RBECS is also on facebook, here.

Continuing in his investigation of the ways the Gospels use the Old Testament, Professor Hays turned, in his fourth Gunning lecture, to the Gospel of Luke. The launching point for Hays’ discussion was Jesus’ post-resurrection interaction with the disciples on the road to Emmaus in Luke 24:13-35. Focusing on the disciples’ ironic statement “We had hoped that he was the one who was going to redeem Israel” as a hermeneutical key to the narrator’s understanding of Jesus’ significance, and on Jesus response which took them through “Moses and all the Prophets” explicating himself, Hays identifies redemption as a recurrent theme in Luke and asks what is it in “Moses and all the Prophets” that points to Jesus as that redeemer. Read the rest of this entry »

Ascension Theology

In Ascension, Bloomsbury, Douglas FARROW, Justin A. Mihoc, Luke-Acts, NT reception history, NT Theology, Patristics, Reception history on October 23, 2011 at 9:53 am

2011.10.08 | Douglas Farrow, Ascension Theology, London: T&T Clark, 2011. Pp. xiv + 177. ISBN: 9780567353573 (Paperback), £ 16.99.

Reviewed by Justin A. Mihoc, Durham University.

RBECS would like to thank T&T Clark and Continuum Publishing for kindly providing us with a review copy. You can find RBECS on facebook, here.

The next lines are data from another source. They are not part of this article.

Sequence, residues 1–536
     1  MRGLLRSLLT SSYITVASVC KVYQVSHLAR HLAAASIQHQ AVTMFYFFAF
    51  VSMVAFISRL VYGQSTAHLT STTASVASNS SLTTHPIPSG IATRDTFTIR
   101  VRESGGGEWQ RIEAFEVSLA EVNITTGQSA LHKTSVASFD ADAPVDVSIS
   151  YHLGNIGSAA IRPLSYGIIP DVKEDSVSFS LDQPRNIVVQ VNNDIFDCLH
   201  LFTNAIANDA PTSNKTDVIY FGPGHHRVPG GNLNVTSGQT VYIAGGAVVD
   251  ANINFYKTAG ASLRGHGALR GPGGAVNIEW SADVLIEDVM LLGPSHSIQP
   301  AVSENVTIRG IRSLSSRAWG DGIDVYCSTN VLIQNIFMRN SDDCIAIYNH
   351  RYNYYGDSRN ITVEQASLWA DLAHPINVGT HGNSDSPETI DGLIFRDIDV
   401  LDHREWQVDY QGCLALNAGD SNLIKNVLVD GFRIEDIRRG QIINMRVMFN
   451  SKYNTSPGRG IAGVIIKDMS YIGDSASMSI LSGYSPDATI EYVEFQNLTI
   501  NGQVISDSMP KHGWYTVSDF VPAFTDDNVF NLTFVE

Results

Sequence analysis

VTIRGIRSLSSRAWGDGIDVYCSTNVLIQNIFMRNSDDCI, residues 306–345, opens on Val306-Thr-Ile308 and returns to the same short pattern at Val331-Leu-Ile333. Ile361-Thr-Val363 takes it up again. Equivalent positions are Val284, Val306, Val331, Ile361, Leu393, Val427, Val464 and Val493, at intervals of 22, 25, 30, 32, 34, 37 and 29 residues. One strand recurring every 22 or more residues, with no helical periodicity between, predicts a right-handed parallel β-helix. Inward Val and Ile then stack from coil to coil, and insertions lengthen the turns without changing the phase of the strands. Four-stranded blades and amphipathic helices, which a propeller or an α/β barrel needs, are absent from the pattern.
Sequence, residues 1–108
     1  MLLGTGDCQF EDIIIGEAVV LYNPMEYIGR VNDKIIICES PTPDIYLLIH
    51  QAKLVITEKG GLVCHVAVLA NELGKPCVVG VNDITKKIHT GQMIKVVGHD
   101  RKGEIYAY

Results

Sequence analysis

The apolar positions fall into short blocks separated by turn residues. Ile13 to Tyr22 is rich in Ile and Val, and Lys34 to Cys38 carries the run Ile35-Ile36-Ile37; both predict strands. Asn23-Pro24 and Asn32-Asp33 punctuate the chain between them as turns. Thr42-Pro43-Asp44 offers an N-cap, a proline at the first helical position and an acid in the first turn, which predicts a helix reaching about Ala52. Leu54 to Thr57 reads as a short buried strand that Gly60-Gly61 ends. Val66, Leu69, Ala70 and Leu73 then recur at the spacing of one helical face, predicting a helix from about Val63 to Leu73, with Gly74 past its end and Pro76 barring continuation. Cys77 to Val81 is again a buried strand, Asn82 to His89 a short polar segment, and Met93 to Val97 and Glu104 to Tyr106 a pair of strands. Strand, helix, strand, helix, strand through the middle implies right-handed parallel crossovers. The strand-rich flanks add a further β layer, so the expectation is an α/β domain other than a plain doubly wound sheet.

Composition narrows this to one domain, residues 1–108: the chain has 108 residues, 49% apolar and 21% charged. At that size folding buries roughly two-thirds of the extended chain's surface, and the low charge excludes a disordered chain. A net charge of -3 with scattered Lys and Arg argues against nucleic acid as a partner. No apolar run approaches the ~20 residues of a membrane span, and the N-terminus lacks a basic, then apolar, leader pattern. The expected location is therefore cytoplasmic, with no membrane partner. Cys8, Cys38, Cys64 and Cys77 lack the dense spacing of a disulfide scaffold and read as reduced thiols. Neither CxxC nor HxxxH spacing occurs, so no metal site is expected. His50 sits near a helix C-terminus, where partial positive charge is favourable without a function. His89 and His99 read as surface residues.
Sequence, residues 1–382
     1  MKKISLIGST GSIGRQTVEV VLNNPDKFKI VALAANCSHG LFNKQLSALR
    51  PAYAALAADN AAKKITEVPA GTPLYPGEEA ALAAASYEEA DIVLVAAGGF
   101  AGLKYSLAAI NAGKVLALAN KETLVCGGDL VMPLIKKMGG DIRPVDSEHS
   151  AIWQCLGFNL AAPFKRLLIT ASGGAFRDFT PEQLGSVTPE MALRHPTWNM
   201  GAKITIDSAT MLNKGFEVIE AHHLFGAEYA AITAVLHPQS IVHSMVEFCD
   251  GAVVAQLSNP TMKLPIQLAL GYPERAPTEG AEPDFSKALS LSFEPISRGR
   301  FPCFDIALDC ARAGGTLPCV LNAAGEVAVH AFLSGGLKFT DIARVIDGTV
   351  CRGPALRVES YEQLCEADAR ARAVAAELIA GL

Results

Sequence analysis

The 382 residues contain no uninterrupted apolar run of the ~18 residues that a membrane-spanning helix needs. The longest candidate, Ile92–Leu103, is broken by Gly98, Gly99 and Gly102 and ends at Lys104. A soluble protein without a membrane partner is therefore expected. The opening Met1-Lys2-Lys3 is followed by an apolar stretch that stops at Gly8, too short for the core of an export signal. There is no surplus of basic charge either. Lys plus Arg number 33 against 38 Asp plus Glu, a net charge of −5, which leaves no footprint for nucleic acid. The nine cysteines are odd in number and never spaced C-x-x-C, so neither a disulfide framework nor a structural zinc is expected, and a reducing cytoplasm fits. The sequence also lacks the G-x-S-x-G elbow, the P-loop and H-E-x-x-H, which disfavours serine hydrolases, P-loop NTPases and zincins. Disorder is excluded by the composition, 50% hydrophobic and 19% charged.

Those interested in the interpretation of the Ascension of Jesus will certainly be acquainted with Prof Douglas Farrow’s Ascension and Ecclesia, a substantial monograph that attempted to offer an overview of the meaning and implications of the Ascension event and doctrine. Read the rest of this entry »

John Moles, “The Lukan Preface”

In Durham, Greek Prologue, John MOLES, Justin A. Mihoc, Luke-Acts, New Testament, SEMINAR REPORTS on May 10, 2011 at 12:27 pm

This is a report on a paper presented by Professor John Moles, Professor of Latin in the School of Historical Studies, Newcastle University, at the New Testament Research Seminar at the Department of Theology and Religion, Durham University, 9th of May 2011.

The list of forthcoming papers in the NT Research Seminars at Durham University can be found here.

In a very engaging and interesting presentation, Prof Moles assessed the highly problematic and complex preface of Luke’s Gospel and its homologous secondary preface in Acts. The Lukan preface is relevant not only in the attempt to identify the genre of the work, but also to discover the author’s intention and objectives. The Lukan preface shows a unified piece of text, showing unity of theme and treatment at the same time, and it is detached from the diegesis. Read the rest of this entry »